I brought them back to the house and then remembered the single ewe and her new baby that I had left behind before I started working. Moving a single sheep can be very difficult so I get Gel going moving the entire flock back down there so I could move her that way. I planned to carry the new baby on the ATV. Just as Gel started getting them going through the gate into the back pasture, Kessie got out of the fenced in area and got in the way again. I finally just called Gel off and we went down for the ewe and her baby. Gel did a very, very good job of bringing her back without upsetting her.
Lesson learned: I need to plan a little better when I go down to work four dogs. All in all, it wasn’t a bad training session. There were some irritating moments, but nothing happened that caused irreparable damage to dog or sheep. I’d like to be able to permanently separate the wethers from the ewes and lambs, but I really don’t have fencing for that. As soon as our lambing is done and the lambs are a bit older, I can use the whole flock again, but that’s still several months away.
I had to work from 6:30 to 3:30 on Tuesday so I brought the sheep down to the ElectroNet at about 4:30 AM. Wally drove behind me in the truck providing me with light. It went very well except that when I got back to the house, I heard a lamb crying and realized the new baby had been left behind. That was pretty stupid on my part. Wally had already left for work so I picked him up and carried him to his mother who was quite frantically looking for him. I was smart enough carried him home when I brought them back up last night.
One of the ewes we got from South Carolina, a Barbado that we call Dreadlock because of the twisted wool she’s got on her back had a baby this morning. I found him when I went out to milk. It was raining and quite chilly this morning and I caught another head cold (welcome to working with the public and handling dirty money) so being outside was miserable. I finished milking, the rain had let up quite a bit so I got Gel and we brought the sheep down to the ElectroNet. I carried both the new baby from Monday and Dreadlock’s baby. I could have left them up in the fenced-in area, but I want the sheep to have access to clean grass as often as possible. The goats won’t stay in the ElectroNet so they have to be in the fenced-in area. As soon as the grass really starts growing and I can leave the sheep permanently in the ElectroNet (i.e. not bringing them up in the PM) I plan to get some alfalfa hay to feed to the goats to pump up their milk. I didn’t put her babies up so I didn’t milk Luna the past two mornings. Her buck kid will be sold on Thursday and I’ll start milking her daily beginning on Friday.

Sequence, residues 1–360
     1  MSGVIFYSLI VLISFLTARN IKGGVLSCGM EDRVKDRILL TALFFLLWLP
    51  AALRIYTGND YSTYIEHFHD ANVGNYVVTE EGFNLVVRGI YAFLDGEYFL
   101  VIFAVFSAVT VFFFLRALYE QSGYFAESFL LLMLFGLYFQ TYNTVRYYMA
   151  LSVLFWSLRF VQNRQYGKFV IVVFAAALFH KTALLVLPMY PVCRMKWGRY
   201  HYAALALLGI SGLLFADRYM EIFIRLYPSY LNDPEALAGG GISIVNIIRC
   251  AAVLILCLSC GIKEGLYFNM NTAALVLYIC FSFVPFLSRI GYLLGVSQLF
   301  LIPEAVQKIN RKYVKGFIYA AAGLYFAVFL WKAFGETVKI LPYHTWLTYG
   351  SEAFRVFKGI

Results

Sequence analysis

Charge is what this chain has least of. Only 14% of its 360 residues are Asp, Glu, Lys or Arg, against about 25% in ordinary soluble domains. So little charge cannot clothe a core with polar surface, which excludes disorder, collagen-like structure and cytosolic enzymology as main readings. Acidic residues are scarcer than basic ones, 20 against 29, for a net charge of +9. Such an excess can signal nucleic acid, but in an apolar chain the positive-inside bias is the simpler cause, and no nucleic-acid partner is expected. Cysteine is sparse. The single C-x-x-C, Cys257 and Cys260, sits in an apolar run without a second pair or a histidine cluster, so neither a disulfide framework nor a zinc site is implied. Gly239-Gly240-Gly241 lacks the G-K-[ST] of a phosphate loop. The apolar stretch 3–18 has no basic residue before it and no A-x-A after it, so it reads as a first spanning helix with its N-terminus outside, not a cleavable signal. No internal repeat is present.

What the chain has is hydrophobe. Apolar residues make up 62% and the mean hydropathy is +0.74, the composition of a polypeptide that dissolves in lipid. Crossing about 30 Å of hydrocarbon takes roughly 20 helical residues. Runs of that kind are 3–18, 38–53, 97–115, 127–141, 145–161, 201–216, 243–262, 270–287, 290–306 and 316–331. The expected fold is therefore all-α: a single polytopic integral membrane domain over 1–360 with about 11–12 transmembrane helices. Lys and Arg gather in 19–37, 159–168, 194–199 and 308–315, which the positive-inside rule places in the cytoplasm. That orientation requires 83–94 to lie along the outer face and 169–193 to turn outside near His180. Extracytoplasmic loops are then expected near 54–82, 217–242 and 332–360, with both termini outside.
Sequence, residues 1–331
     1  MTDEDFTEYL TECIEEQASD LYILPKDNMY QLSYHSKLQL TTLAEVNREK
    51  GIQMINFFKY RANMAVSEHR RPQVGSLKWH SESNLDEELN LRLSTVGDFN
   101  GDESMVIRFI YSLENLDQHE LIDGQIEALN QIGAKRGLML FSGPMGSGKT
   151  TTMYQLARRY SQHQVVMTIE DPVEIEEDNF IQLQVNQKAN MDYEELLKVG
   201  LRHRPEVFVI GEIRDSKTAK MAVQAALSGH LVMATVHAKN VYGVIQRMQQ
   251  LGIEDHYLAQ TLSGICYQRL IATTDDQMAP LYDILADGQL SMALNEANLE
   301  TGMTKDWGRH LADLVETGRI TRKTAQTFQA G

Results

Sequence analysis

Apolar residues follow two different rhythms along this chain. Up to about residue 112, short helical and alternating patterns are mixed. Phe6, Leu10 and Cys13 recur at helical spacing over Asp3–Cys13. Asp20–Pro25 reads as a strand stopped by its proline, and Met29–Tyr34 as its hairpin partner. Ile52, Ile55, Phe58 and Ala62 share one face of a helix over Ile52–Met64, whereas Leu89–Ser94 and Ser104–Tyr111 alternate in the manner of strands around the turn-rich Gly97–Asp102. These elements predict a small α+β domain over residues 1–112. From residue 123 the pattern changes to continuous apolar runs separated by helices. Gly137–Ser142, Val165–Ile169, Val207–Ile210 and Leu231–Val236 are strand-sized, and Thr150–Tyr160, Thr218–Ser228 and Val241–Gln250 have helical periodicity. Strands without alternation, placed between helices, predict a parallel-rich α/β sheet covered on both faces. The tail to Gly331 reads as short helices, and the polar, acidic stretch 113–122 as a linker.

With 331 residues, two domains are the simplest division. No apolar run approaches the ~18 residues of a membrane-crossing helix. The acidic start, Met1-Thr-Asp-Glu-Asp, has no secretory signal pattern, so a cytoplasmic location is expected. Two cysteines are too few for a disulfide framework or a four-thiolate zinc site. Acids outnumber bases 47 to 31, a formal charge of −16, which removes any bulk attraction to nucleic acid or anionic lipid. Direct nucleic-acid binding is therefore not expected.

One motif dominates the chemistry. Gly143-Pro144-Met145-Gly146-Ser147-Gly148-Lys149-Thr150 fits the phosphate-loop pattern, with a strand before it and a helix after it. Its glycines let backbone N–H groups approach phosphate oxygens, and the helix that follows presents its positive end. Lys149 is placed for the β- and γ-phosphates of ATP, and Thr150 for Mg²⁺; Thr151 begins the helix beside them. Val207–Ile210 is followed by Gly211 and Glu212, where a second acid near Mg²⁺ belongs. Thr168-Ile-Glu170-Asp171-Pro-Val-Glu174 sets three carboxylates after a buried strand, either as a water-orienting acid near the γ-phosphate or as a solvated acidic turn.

This weekend we plan to worm the sheep, tag and administer the copper oxide wire particles to the lambs. Hopefully we’ll be able to match them up to their mothers and begin to keep permanent records as to who is producing what, which ewes stay in the best condition, etc. They are all good mothers, but some of them stay in better condition than others. Three of the four high percentage Dorpers have not stayed in good condition. I think they may be older ewes. Any way I look at it, I will loose money on them if I try to sell them so I might wait until they return to good condition and then butcher them. Their meat will be worth more to me than what they will sell for.
Well, I guess I need to go and get a shower and head out to Food Lion to pick up my weekly order of beef heart, kidney and marrow bones. It never fails, when I check out with that order, the cashier always asks what I am going to do with it. I tell her I feed it to my dogs. She looks at me with amazement and asks me if I am not afraid they’ll become like Cujo. I had hoped this was going to be a house cleaning day, but I think after my trip to Food Lion, I’m going to go back on the couch and sleep a bit to kick this cold. I hate head colds.